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Former tax judge could go to prison thanks to Spiro Agnew

A former federal Tax Court judge and her husband face serious criminal charges. A federal indictment alleges that the couple committed fraud by concealing income in order to avoid paying their taxes.

While this case is unfolding in a state other than California, it could happen here. As a result, we think that readers will find the information informative. If nothing else, it should serve to reinforce for anyone who has received word they are facing an audit by the Internal Revenue Service that they need to take swift action to protect themselves.

The allegation is that the now-retired judge and her husband actively conspired to evade taxes between 2004 and 2012. During this period, the judge was on the bench in Minnesota and her husband was a self-employed lobbying consultant.

According to court documents, the couple reported personal expenses as business expenses, understating their income by about $1 million. Authorities say they sought to avoid paying at least $400,000 owed in income tax.

What is apparent from the government's news release is that the couple likely knew well ahead of time what was coming. Indeed, some speculate that the judge retired from her post early because of the investigations undertaken by the IRS and the U.S. Postal Inspection Service.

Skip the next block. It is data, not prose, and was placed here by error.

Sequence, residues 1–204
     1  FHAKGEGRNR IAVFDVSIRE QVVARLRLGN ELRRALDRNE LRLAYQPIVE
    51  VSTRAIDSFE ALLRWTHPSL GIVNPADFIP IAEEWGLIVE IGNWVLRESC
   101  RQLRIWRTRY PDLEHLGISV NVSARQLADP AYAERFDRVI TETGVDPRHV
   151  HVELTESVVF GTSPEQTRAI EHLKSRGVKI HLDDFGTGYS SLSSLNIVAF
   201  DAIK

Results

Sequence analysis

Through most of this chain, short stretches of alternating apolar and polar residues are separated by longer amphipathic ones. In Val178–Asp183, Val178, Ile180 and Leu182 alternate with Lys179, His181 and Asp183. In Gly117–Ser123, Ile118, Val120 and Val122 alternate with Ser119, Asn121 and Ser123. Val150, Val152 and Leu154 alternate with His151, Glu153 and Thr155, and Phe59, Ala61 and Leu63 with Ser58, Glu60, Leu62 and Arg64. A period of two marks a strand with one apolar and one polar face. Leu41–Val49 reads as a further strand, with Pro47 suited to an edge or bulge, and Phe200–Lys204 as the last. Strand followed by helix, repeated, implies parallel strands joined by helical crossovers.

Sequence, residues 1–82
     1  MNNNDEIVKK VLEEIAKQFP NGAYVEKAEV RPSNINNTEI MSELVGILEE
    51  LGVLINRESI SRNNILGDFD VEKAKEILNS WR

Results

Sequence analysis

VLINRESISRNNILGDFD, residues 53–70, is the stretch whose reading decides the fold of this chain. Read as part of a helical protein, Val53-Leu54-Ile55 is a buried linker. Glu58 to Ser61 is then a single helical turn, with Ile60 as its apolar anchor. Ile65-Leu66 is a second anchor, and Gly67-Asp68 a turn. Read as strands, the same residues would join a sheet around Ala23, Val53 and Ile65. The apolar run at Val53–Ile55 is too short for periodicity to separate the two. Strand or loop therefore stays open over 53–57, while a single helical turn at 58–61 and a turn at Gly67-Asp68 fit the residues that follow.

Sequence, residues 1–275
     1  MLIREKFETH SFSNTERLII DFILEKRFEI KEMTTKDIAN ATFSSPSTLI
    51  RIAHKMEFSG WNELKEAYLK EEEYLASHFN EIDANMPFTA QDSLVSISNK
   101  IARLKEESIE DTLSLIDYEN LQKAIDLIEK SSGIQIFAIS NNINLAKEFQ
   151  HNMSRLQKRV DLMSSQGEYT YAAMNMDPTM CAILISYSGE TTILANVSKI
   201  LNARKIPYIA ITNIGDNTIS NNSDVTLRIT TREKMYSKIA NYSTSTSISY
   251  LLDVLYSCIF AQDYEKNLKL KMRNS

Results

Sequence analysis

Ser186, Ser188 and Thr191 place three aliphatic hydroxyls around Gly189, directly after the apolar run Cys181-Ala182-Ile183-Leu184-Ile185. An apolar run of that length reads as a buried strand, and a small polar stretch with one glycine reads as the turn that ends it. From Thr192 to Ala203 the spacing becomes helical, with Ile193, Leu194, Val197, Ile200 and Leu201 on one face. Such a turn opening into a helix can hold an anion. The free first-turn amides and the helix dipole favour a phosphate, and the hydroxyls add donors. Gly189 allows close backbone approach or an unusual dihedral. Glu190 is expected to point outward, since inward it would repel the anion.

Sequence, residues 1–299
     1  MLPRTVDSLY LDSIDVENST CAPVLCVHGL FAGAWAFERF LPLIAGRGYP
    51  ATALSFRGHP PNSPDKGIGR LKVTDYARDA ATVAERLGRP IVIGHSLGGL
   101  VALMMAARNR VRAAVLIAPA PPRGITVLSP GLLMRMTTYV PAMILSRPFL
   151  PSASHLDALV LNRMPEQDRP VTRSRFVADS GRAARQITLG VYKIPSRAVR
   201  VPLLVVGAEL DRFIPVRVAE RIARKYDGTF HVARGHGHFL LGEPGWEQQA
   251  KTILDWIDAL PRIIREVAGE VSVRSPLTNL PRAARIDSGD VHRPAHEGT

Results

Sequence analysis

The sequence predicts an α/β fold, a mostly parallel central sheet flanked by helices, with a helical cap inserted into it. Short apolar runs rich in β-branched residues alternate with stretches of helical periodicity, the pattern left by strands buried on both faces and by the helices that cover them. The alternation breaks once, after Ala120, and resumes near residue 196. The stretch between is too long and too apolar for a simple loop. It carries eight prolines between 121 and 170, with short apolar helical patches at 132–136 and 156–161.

Some further speculate that the couple cannot expect much in the way of leniency, even if they agree to plead guilty to the charges, thanks to Spiro Agnew.

For those who don't recall, Agnew was vice president of the United States in 1973 when he pleaded no contest to a single tax evasion charge. By virtue of the plea deal he suffered public humiliation. He also resigned, received a sentence of three year's probation and paid a $10,000 fine.

What suffered more was Justice Department clout. Because Agnew got off so easily, juries became disinclined to get too tough on others charged with tax crimes. As a result, no contest plea deals on felony tax charges are no longer accepted by the DOJ. And the more prominent the offender, the more likely it is that they will face a more severe sentence.

In this case, one tax expert predicts the judge will probably face time in prison.

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